A sign with a Maine reference for social distancing hangs on the door as shoppers enter Will’s Shop ’n Save in Dover-Foxcroft in November 2020. Credit: Linda Coan O'Kresik / BDN

AUGUSTA, Maine — Federal and state health officials recommended on Tuesday that people in areas with higher COVID-19 transmission wear masks indoors regardless of vaccination status, a designation that includes York and Piscataquis counties.

Dr. Rochelle Walensky, director of the U.S. Centers for Disease Control and Prevention, said in a news conference that the agency’s recommendations on where people should continue mask wearing is for counties with more than 50 new cases per 100,000 people in the last week and in all schools. She specifically cited a growing but still relatively small number of cases in vaccinated people and the dominance of the delta variant as the reason for the agency’s shift.

The Maine CDC mirrored those recommendations afterward. Gov. Janet Mills said in a Tuesday statement that the state would announce any policy changes Wednesday.

“In the meantime, we continue to strongly urge all Maine people to roll up their sleeves and get vaccinated,” she said.

York and Piscataquis counties are the only ones affected in Maine, per the U.S. CDC’s tracker. The two areas have seen the pandemic play out in vastly different ways. While York was among the counties hit hard at the beginning of the pandemic and has the second-highest overall case rate, Piscataquis, the state’s least populous county, was the last one in Maine where the virus was found in 2020 and has recorded more than a quarter of its cases since April 1 of this year.

The two regions are also in different places when it comes to vaccinations. York County has seen 59 percent of its eligible population receive its final dose, making it the sixth-most vaccinated county in the state. Piscataquis, in contrast, has seen only 49.6 percent of its residents receive their final dose, putting it second lowest above Somerset County.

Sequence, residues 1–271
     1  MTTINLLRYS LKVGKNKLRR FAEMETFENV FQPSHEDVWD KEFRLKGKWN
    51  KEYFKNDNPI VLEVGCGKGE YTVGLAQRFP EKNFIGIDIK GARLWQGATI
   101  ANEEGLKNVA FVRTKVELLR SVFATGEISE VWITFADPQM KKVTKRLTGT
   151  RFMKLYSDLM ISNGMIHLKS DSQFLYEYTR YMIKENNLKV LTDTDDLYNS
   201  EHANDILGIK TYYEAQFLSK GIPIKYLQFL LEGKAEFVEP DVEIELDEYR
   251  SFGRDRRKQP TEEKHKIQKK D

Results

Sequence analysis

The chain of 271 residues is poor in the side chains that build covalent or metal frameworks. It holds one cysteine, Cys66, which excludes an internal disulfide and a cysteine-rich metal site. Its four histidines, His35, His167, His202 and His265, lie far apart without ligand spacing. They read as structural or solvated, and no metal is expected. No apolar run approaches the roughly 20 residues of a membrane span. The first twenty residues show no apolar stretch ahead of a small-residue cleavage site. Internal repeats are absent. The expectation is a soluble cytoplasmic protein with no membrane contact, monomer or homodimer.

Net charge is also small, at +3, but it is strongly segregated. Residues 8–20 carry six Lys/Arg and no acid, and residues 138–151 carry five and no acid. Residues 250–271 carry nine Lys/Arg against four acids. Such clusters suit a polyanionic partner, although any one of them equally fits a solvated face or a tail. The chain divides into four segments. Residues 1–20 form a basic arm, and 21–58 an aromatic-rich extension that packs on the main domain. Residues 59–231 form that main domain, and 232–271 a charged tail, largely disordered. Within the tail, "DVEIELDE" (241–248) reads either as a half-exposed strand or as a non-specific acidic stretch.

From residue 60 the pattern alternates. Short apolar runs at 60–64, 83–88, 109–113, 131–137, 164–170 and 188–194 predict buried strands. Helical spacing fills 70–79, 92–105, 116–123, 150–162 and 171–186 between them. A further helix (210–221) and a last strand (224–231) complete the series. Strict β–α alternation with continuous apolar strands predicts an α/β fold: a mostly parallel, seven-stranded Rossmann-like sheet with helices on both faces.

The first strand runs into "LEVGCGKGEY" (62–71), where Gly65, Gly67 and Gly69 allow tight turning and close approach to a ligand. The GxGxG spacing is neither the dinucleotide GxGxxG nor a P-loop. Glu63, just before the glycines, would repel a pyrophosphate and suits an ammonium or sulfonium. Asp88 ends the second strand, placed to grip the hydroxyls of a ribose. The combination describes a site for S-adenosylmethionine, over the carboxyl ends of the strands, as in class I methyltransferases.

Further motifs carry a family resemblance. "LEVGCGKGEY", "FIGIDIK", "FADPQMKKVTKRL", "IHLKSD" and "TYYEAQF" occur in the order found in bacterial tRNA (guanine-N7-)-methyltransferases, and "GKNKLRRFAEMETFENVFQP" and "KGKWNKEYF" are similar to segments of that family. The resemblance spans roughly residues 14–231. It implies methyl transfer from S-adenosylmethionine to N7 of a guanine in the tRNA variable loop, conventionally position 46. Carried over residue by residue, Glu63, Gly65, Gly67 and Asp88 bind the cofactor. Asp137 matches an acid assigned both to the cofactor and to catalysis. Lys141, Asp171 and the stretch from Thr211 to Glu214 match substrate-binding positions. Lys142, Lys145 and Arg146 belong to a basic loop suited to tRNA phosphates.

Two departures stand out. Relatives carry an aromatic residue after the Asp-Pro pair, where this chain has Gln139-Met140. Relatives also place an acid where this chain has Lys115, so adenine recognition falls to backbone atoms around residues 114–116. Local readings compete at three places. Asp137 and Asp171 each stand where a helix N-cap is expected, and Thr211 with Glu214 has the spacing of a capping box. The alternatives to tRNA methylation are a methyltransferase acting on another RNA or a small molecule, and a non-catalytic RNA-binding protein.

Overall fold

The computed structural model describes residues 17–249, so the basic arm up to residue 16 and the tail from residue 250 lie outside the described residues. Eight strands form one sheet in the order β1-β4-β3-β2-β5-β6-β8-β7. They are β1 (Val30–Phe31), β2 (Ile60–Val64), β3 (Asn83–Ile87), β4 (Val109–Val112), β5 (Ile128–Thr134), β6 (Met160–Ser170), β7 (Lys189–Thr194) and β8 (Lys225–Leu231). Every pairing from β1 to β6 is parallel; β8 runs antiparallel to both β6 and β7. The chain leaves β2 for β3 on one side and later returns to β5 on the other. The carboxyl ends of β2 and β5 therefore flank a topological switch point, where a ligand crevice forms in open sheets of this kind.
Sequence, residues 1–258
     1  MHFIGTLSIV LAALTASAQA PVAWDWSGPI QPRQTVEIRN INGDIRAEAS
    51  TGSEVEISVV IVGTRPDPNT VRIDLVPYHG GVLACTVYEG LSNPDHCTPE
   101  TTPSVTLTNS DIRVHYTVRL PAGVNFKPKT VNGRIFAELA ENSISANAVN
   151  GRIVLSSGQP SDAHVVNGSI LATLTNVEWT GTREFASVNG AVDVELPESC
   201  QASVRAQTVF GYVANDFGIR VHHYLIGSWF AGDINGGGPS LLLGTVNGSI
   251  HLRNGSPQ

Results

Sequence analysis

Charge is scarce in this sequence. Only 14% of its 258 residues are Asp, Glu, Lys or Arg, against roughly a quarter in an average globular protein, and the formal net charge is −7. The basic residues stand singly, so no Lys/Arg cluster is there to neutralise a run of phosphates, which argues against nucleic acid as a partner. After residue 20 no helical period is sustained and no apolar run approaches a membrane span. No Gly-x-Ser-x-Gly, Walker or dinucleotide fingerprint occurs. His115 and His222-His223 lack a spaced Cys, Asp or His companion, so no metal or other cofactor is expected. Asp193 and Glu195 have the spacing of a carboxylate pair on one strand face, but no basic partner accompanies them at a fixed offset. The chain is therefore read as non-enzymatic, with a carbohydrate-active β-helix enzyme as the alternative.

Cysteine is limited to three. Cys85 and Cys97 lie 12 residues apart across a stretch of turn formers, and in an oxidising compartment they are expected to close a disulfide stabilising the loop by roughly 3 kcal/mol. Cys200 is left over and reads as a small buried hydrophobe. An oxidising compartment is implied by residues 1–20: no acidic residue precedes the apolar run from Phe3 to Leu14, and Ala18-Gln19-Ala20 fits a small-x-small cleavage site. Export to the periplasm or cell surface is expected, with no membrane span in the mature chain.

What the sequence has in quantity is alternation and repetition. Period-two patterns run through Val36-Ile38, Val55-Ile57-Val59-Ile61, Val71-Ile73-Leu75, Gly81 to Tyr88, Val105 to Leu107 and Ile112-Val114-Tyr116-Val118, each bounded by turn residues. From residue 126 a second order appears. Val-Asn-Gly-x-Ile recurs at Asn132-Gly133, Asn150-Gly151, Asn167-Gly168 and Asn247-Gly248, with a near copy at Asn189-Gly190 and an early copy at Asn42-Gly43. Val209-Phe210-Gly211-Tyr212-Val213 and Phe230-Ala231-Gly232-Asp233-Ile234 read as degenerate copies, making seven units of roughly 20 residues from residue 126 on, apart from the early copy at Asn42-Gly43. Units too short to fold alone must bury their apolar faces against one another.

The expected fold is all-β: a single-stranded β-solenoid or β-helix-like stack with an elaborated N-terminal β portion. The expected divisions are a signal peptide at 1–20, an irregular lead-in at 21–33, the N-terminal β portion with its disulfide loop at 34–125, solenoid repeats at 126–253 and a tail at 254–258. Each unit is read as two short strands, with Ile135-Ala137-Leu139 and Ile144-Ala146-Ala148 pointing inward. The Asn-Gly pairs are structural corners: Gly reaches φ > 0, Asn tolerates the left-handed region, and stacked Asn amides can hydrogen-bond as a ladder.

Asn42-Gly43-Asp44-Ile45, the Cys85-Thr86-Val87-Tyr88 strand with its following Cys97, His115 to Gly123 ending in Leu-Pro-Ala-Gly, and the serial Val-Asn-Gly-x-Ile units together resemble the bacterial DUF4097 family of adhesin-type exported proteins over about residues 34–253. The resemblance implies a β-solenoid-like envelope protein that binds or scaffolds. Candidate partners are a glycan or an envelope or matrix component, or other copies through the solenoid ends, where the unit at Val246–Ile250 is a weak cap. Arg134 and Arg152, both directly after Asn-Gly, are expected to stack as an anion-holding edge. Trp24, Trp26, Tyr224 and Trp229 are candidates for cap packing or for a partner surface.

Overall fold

Reported infections have risen significantly across Maine over the past two weeks, although they remain lower than when Maine lifted its mask mandate in late May. At that time, all but two of the state’s 16 counties — Knox and Washington — had seen more than 50 new cases per 100,000 people over the past week, according to federal data.

Case rates statewide remain lower than much of the rest of the country. Health officials estimate the more contagious delta variant, while making up the bulk of new COVID-19 cases across the country, has a smaller presence in the state so far but could be dangerous as it is more contagious than the original strain.

Maine CDC Director Nirav Shah had predicted the variant would have a bigger presence in the state. He told Bangor city councilors Monday night that vaccinated people should prepare to mask up again. On Tuesday, he said in a series of Twitter posts that people should “consider” wearing a mask if they are in the two affected counties.

Mills ended Maine’s pandemic-related state of emergency on June 30, meaning she no longer has the authority to unilaterally reimpose mask requirements. Mills ended the mask requirement for indoor public spaces in May.

For more cautious Mainers, the news will not change much. Susan Sanborn, 72, of York, said she has consistently worn a mask since the start of the pandemic because a kidney transplant and a prior heart attack made her vulnerable to the virus. Even though she is fully vaccinated, she still is wary of going into stores and will only eat in outdoor restaurants.

“I want to be careful and I want to be around,” she said. “I’ve been telling people that if I die, it’s going to be because of kidney issues. I refuse to die because of COVID.”

BDN writer Jessica Piper contributed to this report.